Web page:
A21FC516-4B37-4921-956E-B10E805CCFC3.jpeg
 
Thread starter #38

Spotlite

Senior Member
You got it going on! I ordered my first batch of meat chickens (10). Any advice?
1. Don’t buy feed from tractor supply, expensive.

2. Water - when they get to you don’t put any medicine in the first water. Most likely you won’t need medicine. Don’t give them cool water on the first water, it”ll chill their body temperature too fast before they warm back up under the heat lamp - use room temperature, almost warm water. Dip their beaks in water one at a time.

3. Feed 24 hours per day for first week. After that feed 12 hours on 12 hours off. If they eat too much it’ll tear their crop. And they’ll literally lay there and eat. Use at least 20% starter the first 3 to 4 weeks. After that use at least 16% or you can continue the 20%.

4. In this heat make sure they’re shaded good and have some breeze. They don’t handle heat very well, they’re growing at a faster rate.

5. Be ready to kill them around 8 to 10 weeks old.

6. They grow wide, when they’re around 5 weeks old watch for those that end up on their back, some can’t get their feet back under them.

7. They don’t require much room, but they poop twice as much. Keep them moving in a chicken tractor or keep the pen raked out regularly. The ammonia from excess urine causes respiratory issues. These chickens are growing faster than their skeleton and organ systems develop.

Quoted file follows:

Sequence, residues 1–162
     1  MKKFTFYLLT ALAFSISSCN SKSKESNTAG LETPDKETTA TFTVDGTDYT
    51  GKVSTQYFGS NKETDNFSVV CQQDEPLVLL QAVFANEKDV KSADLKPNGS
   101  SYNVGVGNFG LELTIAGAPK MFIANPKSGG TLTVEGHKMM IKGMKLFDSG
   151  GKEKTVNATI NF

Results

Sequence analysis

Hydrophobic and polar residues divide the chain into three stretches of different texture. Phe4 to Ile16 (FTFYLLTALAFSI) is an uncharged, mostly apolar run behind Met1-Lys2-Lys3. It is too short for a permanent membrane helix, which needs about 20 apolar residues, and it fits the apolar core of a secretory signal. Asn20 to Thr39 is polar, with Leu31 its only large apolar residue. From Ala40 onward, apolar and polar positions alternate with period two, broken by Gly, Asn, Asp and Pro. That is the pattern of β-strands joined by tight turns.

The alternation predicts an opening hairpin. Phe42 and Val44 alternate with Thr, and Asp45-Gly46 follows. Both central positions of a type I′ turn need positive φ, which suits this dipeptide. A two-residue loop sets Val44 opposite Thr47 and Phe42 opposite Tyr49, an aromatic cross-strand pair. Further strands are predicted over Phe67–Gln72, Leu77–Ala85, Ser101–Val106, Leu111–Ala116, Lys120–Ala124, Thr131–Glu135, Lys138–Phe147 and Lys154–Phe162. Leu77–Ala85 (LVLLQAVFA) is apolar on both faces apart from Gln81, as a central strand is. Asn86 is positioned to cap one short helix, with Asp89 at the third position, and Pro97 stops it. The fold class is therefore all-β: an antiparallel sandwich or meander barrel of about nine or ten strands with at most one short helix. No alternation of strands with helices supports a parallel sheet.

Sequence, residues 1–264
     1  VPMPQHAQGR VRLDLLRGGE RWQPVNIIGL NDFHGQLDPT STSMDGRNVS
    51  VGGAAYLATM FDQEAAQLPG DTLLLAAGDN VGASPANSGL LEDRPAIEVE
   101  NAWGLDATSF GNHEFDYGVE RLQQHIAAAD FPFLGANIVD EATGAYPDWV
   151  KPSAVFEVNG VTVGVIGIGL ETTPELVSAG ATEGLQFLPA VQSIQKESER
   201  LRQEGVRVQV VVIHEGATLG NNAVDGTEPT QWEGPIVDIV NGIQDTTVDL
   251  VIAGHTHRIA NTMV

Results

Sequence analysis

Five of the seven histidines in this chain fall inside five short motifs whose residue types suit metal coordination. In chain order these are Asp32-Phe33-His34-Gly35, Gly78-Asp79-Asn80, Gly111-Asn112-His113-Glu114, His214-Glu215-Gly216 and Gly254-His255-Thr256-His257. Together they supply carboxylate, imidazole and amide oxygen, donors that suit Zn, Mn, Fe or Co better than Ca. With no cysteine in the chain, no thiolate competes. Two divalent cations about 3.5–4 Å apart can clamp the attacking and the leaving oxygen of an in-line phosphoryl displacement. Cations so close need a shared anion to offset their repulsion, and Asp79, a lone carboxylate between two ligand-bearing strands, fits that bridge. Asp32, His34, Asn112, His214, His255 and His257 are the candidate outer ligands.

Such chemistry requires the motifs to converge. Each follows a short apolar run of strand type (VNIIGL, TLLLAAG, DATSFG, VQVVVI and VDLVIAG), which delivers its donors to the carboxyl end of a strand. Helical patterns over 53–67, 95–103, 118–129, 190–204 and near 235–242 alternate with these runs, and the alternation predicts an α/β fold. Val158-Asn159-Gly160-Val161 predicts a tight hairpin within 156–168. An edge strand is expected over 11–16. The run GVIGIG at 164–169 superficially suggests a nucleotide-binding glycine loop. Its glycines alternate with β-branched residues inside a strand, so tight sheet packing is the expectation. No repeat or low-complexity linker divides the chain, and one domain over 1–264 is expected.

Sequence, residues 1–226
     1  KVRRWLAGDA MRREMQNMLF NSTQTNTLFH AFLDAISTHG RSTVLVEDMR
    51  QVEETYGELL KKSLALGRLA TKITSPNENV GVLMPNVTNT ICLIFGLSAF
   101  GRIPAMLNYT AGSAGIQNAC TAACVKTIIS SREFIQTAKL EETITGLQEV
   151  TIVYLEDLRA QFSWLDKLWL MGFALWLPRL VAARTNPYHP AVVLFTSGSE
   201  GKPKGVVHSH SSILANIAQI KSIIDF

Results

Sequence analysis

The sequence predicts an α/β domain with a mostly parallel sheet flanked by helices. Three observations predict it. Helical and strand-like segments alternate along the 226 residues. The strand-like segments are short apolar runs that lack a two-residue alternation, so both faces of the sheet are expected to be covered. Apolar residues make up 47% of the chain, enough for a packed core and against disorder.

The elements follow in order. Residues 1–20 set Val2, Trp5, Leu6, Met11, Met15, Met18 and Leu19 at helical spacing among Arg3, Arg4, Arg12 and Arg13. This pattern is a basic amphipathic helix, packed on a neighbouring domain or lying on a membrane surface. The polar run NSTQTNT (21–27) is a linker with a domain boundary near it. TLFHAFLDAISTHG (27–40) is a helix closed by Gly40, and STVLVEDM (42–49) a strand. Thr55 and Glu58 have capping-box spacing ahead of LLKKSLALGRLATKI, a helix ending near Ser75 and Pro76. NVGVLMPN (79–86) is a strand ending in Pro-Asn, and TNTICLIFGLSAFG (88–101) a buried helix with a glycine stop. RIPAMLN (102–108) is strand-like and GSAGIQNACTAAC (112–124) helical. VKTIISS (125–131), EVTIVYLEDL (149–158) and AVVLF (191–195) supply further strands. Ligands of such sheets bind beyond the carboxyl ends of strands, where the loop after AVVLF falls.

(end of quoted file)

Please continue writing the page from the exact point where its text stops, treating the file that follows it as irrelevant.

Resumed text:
Outside of that they’re no different than raising egg layers.
 

ssramage

Senior Member
1. Don’t buy feed from tractor supply, expensive.

2. Water - when they get to you don’t put any medicine in the first water. Most likely you won’t need medicine. Don’t give them cool water on the first water, it”ll chill their body temperature too fast before they warm back up under the heat lamp - use room temperature, almost warm water. Dip their beaks in water one at a time.

3. Feed 24 hours per day for first week. After that feed 12 hours on 12 hours off. If they eat too much it’ll tear their crop. And they’ll literally lay there and eat. Use at least 20% starter the first 3 to 4 weeks. After that use at least 16% or you can continue the 20%.

4. In this heat make sure they’re shaded good and have some breeze. They don’t handle heat very well, they’re growing at a faster rate.

5. Be ready to kill them around 8 to 10 weeks old.

6. They grow wide, when they’re around 5 weeks old watch for those that end up on their back, some can’t get their feet back under them.

7. They don’t require much room, but they poop twice as much. Keep them moving in a chicken tractor or keep the pen raked out regularly. The ammonia from excess urine causes respiratory issues. These chickens are growing faster than their skeleton and organ systems develop.

Outside of that they’re no different than raising egg layers.
Before I do another batch, I need to figure out the feed. I bought from TSC last time and it was expensive!
 
Thread starter #40

Spotlite

Senior Member
Before I do another batch, I need to figure out the feed. I bought from TSC last time and it was expensive!
Search for a co op or the local feed stores. Tractor supply is for rich folk.

You can cut feed down some with table scraps too.